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Making war on teachers and principals is ridiculous, outrageous. None of the people at the foundations or in the policymaking circles work as hard as the average teacher, face as many challenges every day, for as little pay. None of the pundits who blithely denounce teachers would work 20 years with the hope of getting a salary (today) of $52,000.
Yeah: the problem with education is the people who actually give enough of a $hit about education to go to college for four years, and frequently earn Master’s Degrees and even Ph.D.s so that they can become teachers. Continue Reading »
Today’s post is a roundup of sorts–be sure to click to read a follow-up question from yesterday’s War on Teachers post, and also to see more linky goodness below.
But, to the matter at hand: I just couldn’t resist this. According to the Boston Globe’s Joan Venocchi, organized labor’s big problem is that they desperately need makeovers:
All the classic accessories were on display at last week’s union rally in downtown Boston: Burly guys in sweatshirts hoisted “Solidarity’’ signs. The song “We’re Not Gonna Take It’’ thumped in the background. Cigarette smoke and angry rhetoric filled the air.
“We’re going to hold those sons of bitches accountable,’’ bellowed Rich Rogers, executive secretary of the Greater Boston Labor Council. This time, labor’s ire was directed at State Street Corp., which confirmed that it expects to receive a federal tax refund of $855 million for 2010 — even though this Boston-based recipient of a $2 billion taxpayer bailout reported a $1.6 billion profit last year.
That really is outrageous. But watching the usual suspects take on the injustice of it all in their usual fashion felt a lot like watching Snooki in “Jersey Shore.’’ Stereotypes make entertaining TV, but they don’t always get action or respect.
This is pretty funny coming from someone working in a dying industry. Here in Colorado, the flagship university has shuttered its School of Journalism and Mass Communication, and I can’t count the numbers of students I have who either started as journalism majors or who completed their degrees and are seeking a second B.A. in History–History–because it seems like a more practical choice! I suppose it is more practical if only because however beleagured History departments are, we’re likely to stick around because we’ve been a part of the curricula for several hundred years now.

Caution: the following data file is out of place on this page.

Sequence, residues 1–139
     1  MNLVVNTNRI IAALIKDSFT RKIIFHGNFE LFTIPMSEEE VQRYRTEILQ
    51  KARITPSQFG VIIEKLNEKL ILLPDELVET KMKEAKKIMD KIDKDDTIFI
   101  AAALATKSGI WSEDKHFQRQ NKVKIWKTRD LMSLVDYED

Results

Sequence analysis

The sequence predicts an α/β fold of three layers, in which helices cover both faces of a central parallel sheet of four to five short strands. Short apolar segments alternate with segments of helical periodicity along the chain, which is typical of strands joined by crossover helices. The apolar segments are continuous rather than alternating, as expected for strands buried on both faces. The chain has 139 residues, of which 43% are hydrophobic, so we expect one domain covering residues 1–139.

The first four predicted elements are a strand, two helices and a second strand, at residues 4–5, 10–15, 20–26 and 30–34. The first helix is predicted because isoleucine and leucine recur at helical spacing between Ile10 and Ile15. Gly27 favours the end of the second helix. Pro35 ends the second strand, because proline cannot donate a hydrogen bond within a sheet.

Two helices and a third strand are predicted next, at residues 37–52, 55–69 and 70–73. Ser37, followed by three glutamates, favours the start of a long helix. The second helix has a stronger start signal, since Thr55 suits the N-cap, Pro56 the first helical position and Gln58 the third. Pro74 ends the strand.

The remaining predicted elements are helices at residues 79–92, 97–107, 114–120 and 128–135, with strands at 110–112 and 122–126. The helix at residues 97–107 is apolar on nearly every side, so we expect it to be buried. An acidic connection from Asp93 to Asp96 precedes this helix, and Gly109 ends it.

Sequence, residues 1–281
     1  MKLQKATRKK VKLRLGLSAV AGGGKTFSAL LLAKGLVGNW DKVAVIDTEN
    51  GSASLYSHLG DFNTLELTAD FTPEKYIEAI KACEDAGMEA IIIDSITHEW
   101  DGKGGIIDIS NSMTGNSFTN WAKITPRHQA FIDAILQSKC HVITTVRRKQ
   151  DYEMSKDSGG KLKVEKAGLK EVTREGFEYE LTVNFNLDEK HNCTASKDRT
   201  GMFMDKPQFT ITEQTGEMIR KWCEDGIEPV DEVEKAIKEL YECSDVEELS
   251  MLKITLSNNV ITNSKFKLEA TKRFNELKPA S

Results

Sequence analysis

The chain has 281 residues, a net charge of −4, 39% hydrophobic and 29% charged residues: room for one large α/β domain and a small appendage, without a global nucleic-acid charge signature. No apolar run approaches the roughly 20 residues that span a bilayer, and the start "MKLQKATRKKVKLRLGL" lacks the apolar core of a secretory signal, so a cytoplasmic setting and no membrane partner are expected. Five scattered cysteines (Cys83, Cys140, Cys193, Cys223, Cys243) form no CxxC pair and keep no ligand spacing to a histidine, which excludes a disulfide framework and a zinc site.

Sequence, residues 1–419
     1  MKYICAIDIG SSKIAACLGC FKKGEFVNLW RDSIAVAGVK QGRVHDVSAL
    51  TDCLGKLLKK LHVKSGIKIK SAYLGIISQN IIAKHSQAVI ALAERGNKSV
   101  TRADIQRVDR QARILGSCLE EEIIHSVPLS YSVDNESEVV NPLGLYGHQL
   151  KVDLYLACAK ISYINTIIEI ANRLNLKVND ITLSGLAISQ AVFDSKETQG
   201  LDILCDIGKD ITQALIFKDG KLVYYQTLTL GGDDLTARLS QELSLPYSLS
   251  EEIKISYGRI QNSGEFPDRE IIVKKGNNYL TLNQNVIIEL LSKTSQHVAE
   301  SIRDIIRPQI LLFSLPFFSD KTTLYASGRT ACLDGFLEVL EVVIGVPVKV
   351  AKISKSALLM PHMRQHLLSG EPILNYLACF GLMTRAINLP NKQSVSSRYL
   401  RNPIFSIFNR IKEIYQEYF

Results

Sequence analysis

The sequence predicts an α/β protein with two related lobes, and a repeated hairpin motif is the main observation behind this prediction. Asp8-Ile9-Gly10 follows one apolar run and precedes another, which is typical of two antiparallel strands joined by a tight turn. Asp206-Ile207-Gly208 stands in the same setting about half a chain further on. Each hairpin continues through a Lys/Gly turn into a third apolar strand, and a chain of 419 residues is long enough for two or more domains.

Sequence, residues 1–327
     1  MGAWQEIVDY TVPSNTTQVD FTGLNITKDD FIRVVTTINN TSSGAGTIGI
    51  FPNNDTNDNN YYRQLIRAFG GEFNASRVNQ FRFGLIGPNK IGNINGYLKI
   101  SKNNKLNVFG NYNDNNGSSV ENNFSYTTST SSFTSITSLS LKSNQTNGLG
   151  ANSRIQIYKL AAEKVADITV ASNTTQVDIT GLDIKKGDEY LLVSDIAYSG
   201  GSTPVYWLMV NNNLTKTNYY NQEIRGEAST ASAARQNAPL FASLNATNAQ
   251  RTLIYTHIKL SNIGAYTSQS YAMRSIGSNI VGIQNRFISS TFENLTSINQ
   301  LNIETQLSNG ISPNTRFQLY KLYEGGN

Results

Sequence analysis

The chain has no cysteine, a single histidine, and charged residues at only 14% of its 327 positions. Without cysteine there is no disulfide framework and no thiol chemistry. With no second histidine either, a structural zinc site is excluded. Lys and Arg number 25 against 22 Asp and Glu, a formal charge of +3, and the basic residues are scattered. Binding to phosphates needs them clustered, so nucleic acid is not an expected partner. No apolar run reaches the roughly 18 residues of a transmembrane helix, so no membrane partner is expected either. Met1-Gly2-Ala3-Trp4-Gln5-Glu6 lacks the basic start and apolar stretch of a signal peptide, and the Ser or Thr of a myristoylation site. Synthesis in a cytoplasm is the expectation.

How can it be that white collar, college-educated “information workers” like newspaper reporters and columnists are all scrambling for work, when they all shop (or aspire to shop) at Whole Foods and use “summer” as a verb? Continue Reading »
Associate Professor Angela writes:
Do you ever wake up in the morning 100% ready to quit your job? Not to look for another job, but just to walk the hell away?
That was me, at 7 a.m. today. Do you have any advice on navigating mid-career?
If you post this on your blog, I’m quite sure that some responses will be along the lines of “Hey, I’m a grad student/adjunct/non-academic, and I’d be *happy* to have your problems. Boo-f^(king-hoo.” There’s some justification there, to be sure. But, as I said to recently to a former mentor, I try to be grateful that I have a job. I’d hate to be on the market in these times. But “I’m not unemployed” seems like I’m setting the bar too low. It’s like evaluating someone you’re dating by saying “Well, he’s never been in prison.”
Heh. I’ve never felt like resigning, but I can relate, Angela. I was close to where this correspondent is about a year ago, but the advice I got from you readers was really helpful. In short, in the comments on my post about my mid-career slump, many of you told me to Continue Reading »